Tetra- and Nonapeptidyl Motifs in the Origin and Evolution of Photosynthetic Bioenergy Conversion
In this session on “Life without starlight” it may be useful to describe photosynthetic organisms with their light-induced transformation, conversion and conservation of energy as “life with starlight”. To what extent could photophosphorylation, this fundamental process of energy transfer in photosynthesis, have originated and evolved in discrete molecular steps in the absence of light? An answer may be sought in the first and so far only known alternative biological photophosphorylation system, where the comparatively “primitive” energy donor inorganic pyrophosphate (PPi) is produced (H. Baltscheffsky et al., 1966) instead of the more “complex” adenosine triphosphate (ATP), the well known central energy donor and “energy currency” of all now living cells. The gene for PPi synthase, which is the enzyme involved in the photosynthetic formation of PPi in chromatophores from the photosynthetic bacterium Rhodospirillum rubrum, has been cloned (M. Baltscheffsky et al., 1998) and the primary structure and some other properties of this first bacterial representative of the membrane-bound family of proton-pumping inorganic pyrophosphatases (H+-PPases) has been deduced (M. Baltscheffsky et al., 1999). In the loop between the fifth and sixth putative transmembrane segments, in what appears to be a pyrophosphate binding region and the active site for the phosphorylation reaction, three different “primitive” tetrapeptidyl motifs have been located in two nonapeptidyl sequences. Their high content of the four “very early” proteinaceous amino acids glycine, alanine, valine and aspartic acid (G, A, V and D, respectively) and their very regular arrangement of amino acids with charged side groups, would seem to be of particular evolutionary significance. Our first tentative model of the active site has resulted in a structure, which may be useful for attempts to extrapolate back to the hither toelusive molecular origin and evolution of the metabolism of phosphate compounds, specially those, which are directly involved in bioenergy conversion.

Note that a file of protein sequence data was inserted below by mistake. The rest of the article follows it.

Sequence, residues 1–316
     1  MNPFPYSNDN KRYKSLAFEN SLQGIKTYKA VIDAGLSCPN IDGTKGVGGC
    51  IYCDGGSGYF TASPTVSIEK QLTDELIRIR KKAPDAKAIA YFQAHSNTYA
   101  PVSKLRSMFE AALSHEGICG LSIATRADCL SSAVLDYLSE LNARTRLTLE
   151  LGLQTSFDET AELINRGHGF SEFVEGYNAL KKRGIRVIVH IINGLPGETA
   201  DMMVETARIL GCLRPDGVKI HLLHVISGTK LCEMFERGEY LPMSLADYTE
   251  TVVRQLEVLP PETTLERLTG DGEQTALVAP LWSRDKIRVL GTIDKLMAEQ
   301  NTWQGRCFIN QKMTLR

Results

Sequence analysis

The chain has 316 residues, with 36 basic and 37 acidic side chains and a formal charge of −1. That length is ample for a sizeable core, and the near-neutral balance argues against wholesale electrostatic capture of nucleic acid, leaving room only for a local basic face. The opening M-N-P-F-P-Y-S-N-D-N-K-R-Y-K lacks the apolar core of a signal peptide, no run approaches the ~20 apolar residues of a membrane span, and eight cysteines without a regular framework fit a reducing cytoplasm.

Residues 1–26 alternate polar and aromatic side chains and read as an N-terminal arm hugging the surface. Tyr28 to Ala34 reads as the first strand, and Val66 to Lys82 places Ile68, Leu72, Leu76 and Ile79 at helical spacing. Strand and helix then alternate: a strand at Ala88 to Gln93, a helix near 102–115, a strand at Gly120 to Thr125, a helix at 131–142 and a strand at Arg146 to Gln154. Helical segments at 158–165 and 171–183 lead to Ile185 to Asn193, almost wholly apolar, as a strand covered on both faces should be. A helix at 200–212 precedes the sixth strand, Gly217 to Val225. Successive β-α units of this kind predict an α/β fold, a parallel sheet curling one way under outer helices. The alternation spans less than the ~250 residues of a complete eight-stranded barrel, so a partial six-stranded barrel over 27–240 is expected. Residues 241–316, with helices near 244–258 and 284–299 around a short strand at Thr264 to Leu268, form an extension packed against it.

KeywordsClay Hydrolysis Magnesium Catalysis Glycine
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